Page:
Wild Bill Donovan was not an elite pitcher for his day, but he won consistently. Donovan joined the Tigers in 1903 and won 16 or more games six times in eight full seasons. Injuries eventually limited his effectiveness, but he demonstrated flashes of greatness. Donovan’s arrival signaled the beginning of the Tiger turnaround. By the end of the first decade of the twentieth century, he helped the Tigers to three consecutive World Series appearances.
Bill Donovan earned his nickname one day in Hartford. He walked nine straight batters in a minor league contest. In response, his teammates dubbed him “Wild Bill” and his manager fined him. He made his big league debut in 1898 and spent three seasons as a reliever. He appeared in a total of 27 games from 1898-1900. In 1901, he was given a chance and led the league with 25 victories, 45 game starts, and a ridiculous 152 walks.
Donovan remained with the Dodgers until 1903 when he jumped to the American League’s Detroit Tigers. The Tigers desperately needed pitching and hoped Donovan could help. The Tigers also acquired outfielder Sam Crawford that offseason. They had added pitcher George Mullin the year before. Ty Cobb joined the club a couple years later. The Tigers had collected the talent needed to win.
The team did not win a pennant until 1907. Between 1903 and 1906, Donovan won 17, 16, 18, and 9 games. However, he lost as many as he had won during that stretch. Things changed in 1907. Mullin had a career year for the Tigers. He went 25-4, with a 2.19 ERA and 1.122 WHIP in 28 starts. He only walked 82 in 271 innings and led the league with an.862 win percentage. The righty started two games in the World Series and finished 0-1 with a 1.71 ERA.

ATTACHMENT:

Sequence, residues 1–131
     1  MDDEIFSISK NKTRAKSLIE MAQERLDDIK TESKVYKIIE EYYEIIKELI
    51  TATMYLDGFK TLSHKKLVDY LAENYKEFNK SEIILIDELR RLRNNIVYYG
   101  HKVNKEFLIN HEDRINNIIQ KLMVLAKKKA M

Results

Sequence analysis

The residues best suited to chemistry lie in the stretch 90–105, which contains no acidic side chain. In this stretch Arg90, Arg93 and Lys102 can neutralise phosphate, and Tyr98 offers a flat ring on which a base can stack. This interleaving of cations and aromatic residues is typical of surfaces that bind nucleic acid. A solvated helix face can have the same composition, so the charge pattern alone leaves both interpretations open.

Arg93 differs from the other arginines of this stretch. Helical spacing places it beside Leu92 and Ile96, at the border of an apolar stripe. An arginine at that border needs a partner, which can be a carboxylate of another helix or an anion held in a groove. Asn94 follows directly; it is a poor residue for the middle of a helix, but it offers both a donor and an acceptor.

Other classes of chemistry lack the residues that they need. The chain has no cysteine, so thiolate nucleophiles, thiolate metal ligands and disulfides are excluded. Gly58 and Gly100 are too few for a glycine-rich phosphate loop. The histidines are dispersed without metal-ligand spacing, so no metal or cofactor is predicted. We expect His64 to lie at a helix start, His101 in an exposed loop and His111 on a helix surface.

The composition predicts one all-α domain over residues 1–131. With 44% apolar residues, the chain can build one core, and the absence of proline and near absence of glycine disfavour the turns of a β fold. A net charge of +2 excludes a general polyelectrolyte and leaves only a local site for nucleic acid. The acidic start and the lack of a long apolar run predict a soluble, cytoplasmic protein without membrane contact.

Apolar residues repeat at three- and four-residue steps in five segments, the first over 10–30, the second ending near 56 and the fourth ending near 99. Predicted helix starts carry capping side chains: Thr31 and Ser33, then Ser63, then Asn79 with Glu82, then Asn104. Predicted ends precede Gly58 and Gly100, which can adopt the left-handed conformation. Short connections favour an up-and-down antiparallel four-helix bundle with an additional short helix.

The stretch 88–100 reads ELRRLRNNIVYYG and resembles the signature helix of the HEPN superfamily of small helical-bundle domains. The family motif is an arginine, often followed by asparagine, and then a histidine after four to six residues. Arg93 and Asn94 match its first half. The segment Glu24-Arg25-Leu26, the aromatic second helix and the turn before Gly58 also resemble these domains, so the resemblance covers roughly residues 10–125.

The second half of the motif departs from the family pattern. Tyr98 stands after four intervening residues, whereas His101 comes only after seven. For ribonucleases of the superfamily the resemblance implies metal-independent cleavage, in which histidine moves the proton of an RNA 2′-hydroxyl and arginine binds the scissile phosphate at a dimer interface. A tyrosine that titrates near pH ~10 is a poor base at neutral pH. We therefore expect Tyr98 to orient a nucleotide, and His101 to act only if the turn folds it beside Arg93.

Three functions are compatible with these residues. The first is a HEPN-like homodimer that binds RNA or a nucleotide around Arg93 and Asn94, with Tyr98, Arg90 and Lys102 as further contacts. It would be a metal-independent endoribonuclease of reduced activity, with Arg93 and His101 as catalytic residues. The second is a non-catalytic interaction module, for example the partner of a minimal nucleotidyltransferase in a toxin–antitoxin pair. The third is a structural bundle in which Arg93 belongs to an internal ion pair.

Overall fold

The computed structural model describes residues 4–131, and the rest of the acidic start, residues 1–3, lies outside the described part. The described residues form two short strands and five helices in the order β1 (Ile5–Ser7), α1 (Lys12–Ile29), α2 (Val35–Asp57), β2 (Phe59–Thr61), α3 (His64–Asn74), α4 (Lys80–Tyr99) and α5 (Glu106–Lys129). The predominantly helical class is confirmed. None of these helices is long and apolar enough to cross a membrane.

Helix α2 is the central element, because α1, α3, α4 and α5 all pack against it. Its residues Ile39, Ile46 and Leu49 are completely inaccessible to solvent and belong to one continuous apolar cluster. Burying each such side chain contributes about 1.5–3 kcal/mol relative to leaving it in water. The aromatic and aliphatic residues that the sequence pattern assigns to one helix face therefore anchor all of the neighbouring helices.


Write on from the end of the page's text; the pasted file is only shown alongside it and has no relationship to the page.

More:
The Cubs walloped the Tigers in the World Series, but that set up a rematch in 1908. Donovan pitched slightly better than the prior year, but finished 18-7. He tossed 242.2 innings, had a 2.08 ERA, and 1.084 WHIP. The American League champs lost to the Cubs again in the World Series. The Chicago club shelled Donovan in his two starts.
The 1906-08 Cubs were one of history’s great squads. However, they lost the National League pennant to the 110-win Pirates in 1909. Detroit hoped to break through for a title on the third try. Donovan experienced arm problems during the regular season and finished 8-7. He split a pair of decisions in the Fall Classic. The two teams battled to a seventh game where Pittsburgh creamed the Tigers 8-0. Donovan started Game 7 and became the first man to lose back-to-back clinchers.
Wild Bill bounced back from his Game 7 debacle and won 17 and 10 games the next two seasons. His career essentially ended in 1912 due to injury. Afterward, he managed the Yankees and appeared in 10 games over two seasons. Donovan returned to Detroit as a coach in 1918 and made a spot start on the season’s final day. He won the game and never pitched again. He died in a train crash five years later.
Bill Donovan won 25 games for the 1907 pennant winning Tiger team. His presence helped Detroit to three straight pennants. Unfortunately, they lost all three World Series. Donovan won 140 of his 185 big league victories with the Tigers. He won nearly 60% of his starts over 11 seasons with Detroit and held the team record for winning percentage in a single season for over a century. Max Scherzer bested Donovan’s mark with a .875 win percentage in 2013.